An almost somber photo of Robert Frost

Photo by Luke Young

Urine trouble: Stop kissing the Robert Frost statue

James Kelly


Staff Writer


In front of Rounds Hall, a man with a thousand-yard stare watches campus. He sits on a bench, surveying Mary Lyon Lawn all day and all night. He has seen some things. He is Robert Frost, and campus rumors suggest that students urinate on him. 

Claims are common on the anonymous social media site YikYak. “People piss on the statue [just so you know]” one user said. “On a dare, I pulled up my skirt and sat on his face…” said another. Other users say they have witnessed people fight the statue and “pack a bowl” on him. A poll of 150 Plymouth State students found that 62 have witnessed somebody urinate on Frost and 58 have witnessed somebody kiss him. “It’s definitely known by a lot of people,” said Geneva-Smith Community Advisor Avery Hazelton.

Plymouth Police Department activity logs show that 14 college-aged adults were arrested for public urination in 2022. Note that people who urinate in public aren’t always caught, and people who are caught aren’t always arrested. Public urination arrests appear to come in waves. Six of the 14 public urination arrests in 2022 came on the week of Oct. 9-15 (the week of Pirate Party). PPD logs no longer include the locations of arrests or the identities of the arrested.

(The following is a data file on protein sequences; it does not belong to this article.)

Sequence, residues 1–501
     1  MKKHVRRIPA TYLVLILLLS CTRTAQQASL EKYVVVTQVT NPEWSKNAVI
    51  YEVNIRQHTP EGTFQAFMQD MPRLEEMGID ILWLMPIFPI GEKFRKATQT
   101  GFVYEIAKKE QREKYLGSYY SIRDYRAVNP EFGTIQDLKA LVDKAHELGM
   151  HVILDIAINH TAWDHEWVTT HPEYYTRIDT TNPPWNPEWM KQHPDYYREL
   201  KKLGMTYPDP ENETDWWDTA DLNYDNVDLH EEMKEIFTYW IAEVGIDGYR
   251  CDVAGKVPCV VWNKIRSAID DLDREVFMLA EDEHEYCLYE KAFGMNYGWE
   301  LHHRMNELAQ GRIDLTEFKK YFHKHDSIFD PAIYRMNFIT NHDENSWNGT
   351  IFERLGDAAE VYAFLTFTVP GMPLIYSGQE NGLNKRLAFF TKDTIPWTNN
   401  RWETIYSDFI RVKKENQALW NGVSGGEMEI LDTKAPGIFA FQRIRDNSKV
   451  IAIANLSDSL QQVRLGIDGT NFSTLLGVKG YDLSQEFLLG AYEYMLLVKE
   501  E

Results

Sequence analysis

The University Police Department, on the other hand, make themselves difficult to contact. They have failed to share an email address on their webpage (including the contact section), and their doors were locked during their advertised office hours.

The Clock reached out to Mike Son, Assistant Professor of Microbiology at PSU, to see if Plymouth has any way to objectively prove the Robert Frost rumors. According to Son, the school does not have any technology that could identify urine, saliva, or semen if they were present on the statue. Instead, he recommended purchasing a blacklight. 

A blacklight found on Amazon marketed specifically for detecting pet urine and was used to conduct a preliminary test in a Geneva Smith Hall bathroom, which indicated either a faulty backlight or an exceptional janitorial staff. Examinations of the statue with the blacklight at 8:00 p.m. and 11:30 p.m. Thursday night and 2:00 a.m. Friday morning all failed to reveal any bodily fluids. 

It is not clear why students would violate the statute. “I feel like a lot of people are like, ‘oh, it’s Robert Frost, like, he’s a cool guy. Let’s piss on him,’” said Hazelton. “I don’t see why anyone would have beef with Robert Frost,” he said.

There is at least one person on campus who has beef with Robert Frost: John Lappie, Assistant Professor of Practice at PSU. Lappie worked with political science professor Robert Egbert, who retired after 40 years at PSU. “Robert Frost worked here for one year and he got a statute,” Lappie said. “By that precedent… what’s [Egbert] going to get? Rename the university after him? Egbert State: Home of the Fighting Bobs.” Lappie has taught at PSU for six years, and as such he recommends a building on campus named for his cats. “It makes sense to me that we have the statue here,” Lappie said on a more serious note. “He’s a famous person who was [an] associate of our university, even if only for a brief time.” When asked about the urination rumors, Lappie’s response was concise: “gross.”